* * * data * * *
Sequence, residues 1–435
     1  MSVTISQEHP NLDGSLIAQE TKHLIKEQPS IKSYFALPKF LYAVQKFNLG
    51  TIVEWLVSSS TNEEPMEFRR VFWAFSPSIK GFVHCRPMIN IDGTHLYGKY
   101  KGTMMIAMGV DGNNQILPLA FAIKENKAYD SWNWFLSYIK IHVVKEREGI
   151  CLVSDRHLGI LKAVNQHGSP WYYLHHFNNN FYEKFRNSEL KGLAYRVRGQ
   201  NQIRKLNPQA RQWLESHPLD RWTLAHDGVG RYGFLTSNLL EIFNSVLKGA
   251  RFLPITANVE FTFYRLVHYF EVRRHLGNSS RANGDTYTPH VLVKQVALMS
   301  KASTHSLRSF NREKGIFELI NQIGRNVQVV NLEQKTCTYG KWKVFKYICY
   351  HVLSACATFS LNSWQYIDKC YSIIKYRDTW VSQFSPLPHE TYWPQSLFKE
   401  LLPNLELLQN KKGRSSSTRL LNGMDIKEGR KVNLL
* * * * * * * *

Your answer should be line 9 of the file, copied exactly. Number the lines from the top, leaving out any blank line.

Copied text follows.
   351  HVLSACATFS LNSWQYIDKC YSIIKYRDTW VSQFSPLPHE TYWPQSLFKE